Josh Boone: We thought Brook taking your starting job would have inspired you to work harder and improve. It didn’t. Same with Sean Williams taking your back-up role for a stretch. We need to figure out what’s going to light a fire under you, if anything, because you have potential. You should be instant energy the moment you get in the game.
Bobby Simmons: We appreciate your professionalism and willingness to play out of position at power forward. We’re going to continue to look to upgrade the small forward spot. Come into camp in better shape because we need you to be better defensively.
Trenton Hassell: We appreciate your professionalism and defense. If only you could consistently knock down shots because you were open so often. Next year, if you’re here, we’ll probably use you more in a specialist capacity, as in when we need to shut down people. But, work on your jump shot so we can give you the ball more often.
Eduardo Najera: Eddie, is it? Nice to see you. It’s been awhile. We could have used your defense, energy and toughness. Come back healthy, and we’ll see if you can help us next season.
Sean Williams: We’re running out of patience and you’re running out of time. You could help us if only you keep your head in the game and on your job. We’re not sure you will. Prove us wrong, if you’re still here.
Maurice Ager: Thanks for being a good practice player. Do you know any Spanish or Italian? How about the U.S. to Euro conversion rate? You may want to become familiar with those things.
Lawrence Frank: I never tell you who to play, but I wouldn’t have gone with Yi or Hassell as long as you did. And it’s not your fault for Yi. Anyway, you did a good job with this group. But you should sit down a little more and not scream all the time for guys to “Go,” and other things. Let them play, especially when you have mostly veterans on the floor. The veterans will appreciate that and probably respond better.
Al Iannazzone covers the Nets for The Record (Bergen County, N.J.).
Bruce Ratner made his voice heard last night and since he’s the one who signs off on everything, it seems Nets coach Lawrence Frank is safe.
But, Nets president Rod Thorn and other members of management will meet after the season to decide whether to keep Frank or let him go. A ringing endorsement from the principal owner certainly helps, though.
“I think the coach has done a good job this year,” Ratner said last night. “Obviously, our record is not where we’d like it to be, but the coach has done a good job. I like the coach.
“I haven’t talked to Rod, so we’ll discuss generally all our plans for next year, but I’d have to say we’re truly supportive of the coach. He’s a very good coach.”
Frank’s future has been a major topic for the last few weeks and will be for at least one more.
The Nets’ season ends tomorrow. Exit interviews and clean-up day will be Thursday, and then, at some point next week Thorn will have his season-ending meeting with the media. It’s probably then that Thorn will give his decision, unless he makes it sooner. There is plenty to consider.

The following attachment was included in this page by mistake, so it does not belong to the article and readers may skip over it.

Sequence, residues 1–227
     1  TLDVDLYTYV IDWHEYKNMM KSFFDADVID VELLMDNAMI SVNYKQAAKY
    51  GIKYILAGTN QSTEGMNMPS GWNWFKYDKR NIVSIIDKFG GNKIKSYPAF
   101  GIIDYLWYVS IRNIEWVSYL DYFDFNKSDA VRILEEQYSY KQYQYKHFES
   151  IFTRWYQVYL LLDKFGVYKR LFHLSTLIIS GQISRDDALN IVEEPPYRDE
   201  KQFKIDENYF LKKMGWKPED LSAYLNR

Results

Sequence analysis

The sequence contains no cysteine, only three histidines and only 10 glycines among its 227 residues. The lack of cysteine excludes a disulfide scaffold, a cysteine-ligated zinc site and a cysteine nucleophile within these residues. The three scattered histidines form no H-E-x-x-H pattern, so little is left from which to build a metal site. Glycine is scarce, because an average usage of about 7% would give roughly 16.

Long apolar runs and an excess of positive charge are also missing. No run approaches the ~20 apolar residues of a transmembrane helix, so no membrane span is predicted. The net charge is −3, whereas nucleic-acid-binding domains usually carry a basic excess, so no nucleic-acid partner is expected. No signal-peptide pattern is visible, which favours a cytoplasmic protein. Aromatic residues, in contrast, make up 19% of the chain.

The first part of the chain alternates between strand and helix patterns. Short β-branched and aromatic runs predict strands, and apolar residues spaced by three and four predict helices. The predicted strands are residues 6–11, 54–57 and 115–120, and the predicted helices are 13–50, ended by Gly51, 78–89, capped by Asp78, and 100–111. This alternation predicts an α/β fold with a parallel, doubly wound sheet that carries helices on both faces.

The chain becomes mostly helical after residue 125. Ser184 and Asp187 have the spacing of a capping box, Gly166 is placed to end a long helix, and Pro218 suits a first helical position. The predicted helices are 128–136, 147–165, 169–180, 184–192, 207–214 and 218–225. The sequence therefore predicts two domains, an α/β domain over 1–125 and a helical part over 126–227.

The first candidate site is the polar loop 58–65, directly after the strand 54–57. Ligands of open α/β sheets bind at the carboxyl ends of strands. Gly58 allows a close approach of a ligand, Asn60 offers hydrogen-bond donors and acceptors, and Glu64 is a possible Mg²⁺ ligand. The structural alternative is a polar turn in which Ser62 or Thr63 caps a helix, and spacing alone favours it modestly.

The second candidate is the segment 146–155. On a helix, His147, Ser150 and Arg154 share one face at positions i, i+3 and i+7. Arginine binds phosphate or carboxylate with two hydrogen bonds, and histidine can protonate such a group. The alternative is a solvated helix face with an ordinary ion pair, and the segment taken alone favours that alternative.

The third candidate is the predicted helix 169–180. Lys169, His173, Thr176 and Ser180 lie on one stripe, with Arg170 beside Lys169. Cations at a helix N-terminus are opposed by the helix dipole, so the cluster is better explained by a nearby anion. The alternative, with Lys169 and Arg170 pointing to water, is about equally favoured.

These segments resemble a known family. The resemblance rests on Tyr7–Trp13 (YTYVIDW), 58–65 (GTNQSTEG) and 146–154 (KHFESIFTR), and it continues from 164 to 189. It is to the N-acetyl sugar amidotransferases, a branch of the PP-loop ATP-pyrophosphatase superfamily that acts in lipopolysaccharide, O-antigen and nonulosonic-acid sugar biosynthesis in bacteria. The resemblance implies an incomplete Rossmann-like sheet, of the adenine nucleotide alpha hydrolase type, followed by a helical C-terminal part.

Arguments for Frank’s return
1. He did his job
The mission statement before the season was to develop the young players — primarily Devin Harris, Brook Lopez and Yi Jianlian. Two out of three ain’t bad. Yi was on the right track before he broke his right pinkie and when he returned he wasn’t nearly the same player before he got hurt. Yet, Frank stuck with him longer than he should because of that mission statement.
2. The players and team improved
Harris, Lopez, Ryan Anderson, Keyon Dooling and Jarvis Hayes played better than expected, helping the Nets disprove some preseason predictions. Most of them had the Nets finishing with 20-something wins and 14th or dead-last 15th in the East. The Nets stayed in the playoff race until April and matched last season’s win total with a lesser team.
3. Money talks
Frank makes $4.4 million next season, which, according to a Sports Business Journal report, is about one-seventh of how much Ratner’s group lost for the fiscal year ending Jan. 31. That’s a lot of money to eat, and then, you have to pay a new coach. Unless you get one on the cheap, you’re paying two men about $9 million to do one job.
Arguments against Frank’s return
1. Lame-duck status
I hate the expression, but it’s true. If the coach is in the final year of his deal players know he’s probably not going to be around as long as them. How motivated will they be to play for him? This isn’t just Frank. It’s any coach in this situation. The first three-, four- or five-game losing streak, and he’s really on the hot seat.
2. Is anyone listening?
The players played hard until the end, but are they doing it for themselves or for their coach? Some of them didn’t like being called quitters. You have to wonder if someone else can get more out of these players, especially considering his status. Frank isn’t beloved by everyone in the locker room — and certainly not in the organization. Sometimes things just run their course.